Squash plants love the hot summer sun, and Kansas has plenty of it! Any vegetable gardener in the state who has been growing for very long will likely have planted some variety of squash. There are a few issues that can pop up when growing squash, but overall, it is usually pretty easy to grow.
In the Demo garden, we are growing both summer squash and winter squash. Contrary to what the names imply, both types of squash are grown during the heat of summer; one main difference is that summer squash is grown for its young or immature fruit (think zucchini), while winter squash is grown for its fully mature fruit, so it takes longer to be ready (think butternut squash or pumpkins).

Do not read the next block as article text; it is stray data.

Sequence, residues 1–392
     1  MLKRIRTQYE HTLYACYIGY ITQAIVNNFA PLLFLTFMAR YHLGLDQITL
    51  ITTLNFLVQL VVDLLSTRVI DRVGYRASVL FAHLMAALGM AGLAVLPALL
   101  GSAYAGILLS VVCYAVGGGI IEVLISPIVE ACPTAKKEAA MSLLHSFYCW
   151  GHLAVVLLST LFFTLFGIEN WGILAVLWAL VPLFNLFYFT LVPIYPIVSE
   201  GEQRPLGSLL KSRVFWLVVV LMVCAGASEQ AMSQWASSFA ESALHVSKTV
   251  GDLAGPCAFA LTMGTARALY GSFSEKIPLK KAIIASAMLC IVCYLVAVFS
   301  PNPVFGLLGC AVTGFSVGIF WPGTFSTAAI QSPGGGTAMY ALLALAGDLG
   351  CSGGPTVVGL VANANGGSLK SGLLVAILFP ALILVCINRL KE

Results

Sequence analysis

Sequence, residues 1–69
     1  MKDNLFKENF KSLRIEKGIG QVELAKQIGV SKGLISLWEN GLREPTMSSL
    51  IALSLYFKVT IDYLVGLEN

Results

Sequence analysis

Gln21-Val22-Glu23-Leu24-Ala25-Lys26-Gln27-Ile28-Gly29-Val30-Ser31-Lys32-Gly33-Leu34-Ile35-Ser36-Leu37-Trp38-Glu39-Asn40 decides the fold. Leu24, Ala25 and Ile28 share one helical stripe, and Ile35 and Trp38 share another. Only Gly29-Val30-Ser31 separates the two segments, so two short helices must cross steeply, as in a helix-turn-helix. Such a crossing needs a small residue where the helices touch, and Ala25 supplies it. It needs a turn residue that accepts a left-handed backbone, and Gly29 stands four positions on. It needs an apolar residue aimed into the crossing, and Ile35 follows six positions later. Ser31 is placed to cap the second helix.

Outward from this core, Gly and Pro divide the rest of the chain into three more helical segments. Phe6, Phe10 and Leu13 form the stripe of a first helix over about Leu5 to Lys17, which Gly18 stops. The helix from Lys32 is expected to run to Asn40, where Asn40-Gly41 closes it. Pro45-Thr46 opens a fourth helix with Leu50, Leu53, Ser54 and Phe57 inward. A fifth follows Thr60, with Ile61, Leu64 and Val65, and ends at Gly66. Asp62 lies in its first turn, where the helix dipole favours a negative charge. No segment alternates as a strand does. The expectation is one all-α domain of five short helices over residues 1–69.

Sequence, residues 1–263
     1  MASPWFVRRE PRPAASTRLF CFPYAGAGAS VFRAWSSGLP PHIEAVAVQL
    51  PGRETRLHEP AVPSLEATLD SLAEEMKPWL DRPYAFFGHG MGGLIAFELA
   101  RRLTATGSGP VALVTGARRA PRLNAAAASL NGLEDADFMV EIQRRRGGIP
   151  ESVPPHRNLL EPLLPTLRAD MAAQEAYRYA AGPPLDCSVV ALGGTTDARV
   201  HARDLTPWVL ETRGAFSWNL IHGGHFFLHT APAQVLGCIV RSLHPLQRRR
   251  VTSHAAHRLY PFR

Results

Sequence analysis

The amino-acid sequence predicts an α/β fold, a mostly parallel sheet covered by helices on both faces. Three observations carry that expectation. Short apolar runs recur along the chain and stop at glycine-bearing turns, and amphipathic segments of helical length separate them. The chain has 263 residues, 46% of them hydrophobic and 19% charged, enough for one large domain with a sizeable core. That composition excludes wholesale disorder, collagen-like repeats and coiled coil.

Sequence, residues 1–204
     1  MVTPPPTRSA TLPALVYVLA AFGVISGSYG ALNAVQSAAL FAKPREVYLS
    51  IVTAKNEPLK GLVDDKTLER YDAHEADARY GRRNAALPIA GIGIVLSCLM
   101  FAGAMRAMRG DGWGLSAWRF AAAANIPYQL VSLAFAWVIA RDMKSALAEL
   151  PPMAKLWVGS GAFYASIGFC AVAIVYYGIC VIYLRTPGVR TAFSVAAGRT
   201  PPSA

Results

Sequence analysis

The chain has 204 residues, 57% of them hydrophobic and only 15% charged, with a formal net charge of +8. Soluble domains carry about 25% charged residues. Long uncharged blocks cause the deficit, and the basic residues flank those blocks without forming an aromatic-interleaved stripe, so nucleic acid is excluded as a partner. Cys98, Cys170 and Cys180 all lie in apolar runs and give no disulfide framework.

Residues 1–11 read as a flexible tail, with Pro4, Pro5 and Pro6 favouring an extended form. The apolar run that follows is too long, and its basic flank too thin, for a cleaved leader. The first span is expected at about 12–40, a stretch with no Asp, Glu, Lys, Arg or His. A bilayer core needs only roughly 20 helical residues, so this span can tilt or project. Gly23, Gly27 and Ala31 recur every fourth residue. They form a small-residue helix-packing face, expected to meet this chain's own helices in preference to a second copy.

Summer squash grows in a bushy shape and is generally ready to harvest by mid-summer. When harvested at small sizes, they have a soft, thin skin and unsubstantial seeds and can be eaten raw. If left on the plant to grow very large, though, they become tough and too bitter to eat raw. The most popular types of summer squash are zucchini and yellow squash, but other types include pattypan and tromboncino.
We have two varieties of summer squash in the demo garden, and both are varieties of zucchini: ‘49er’ and ‘Astia,’ which both are beginning to yield a harvest.
‘49er’ is a yellow zucchini which has about 50 days to maturity (DTM), and ‘Astia’ is a dark green zucchini with 48 DTM. Both are best harvested at about 5-6 inches long. (Yellow squash and yellow varieties of zucchini are similar, but different; zucchini maintains a relatively consistent diameter, whereas yellow squash is broader at one end and tapers toward the other, and often has a slightly thicker skin than zucchini.)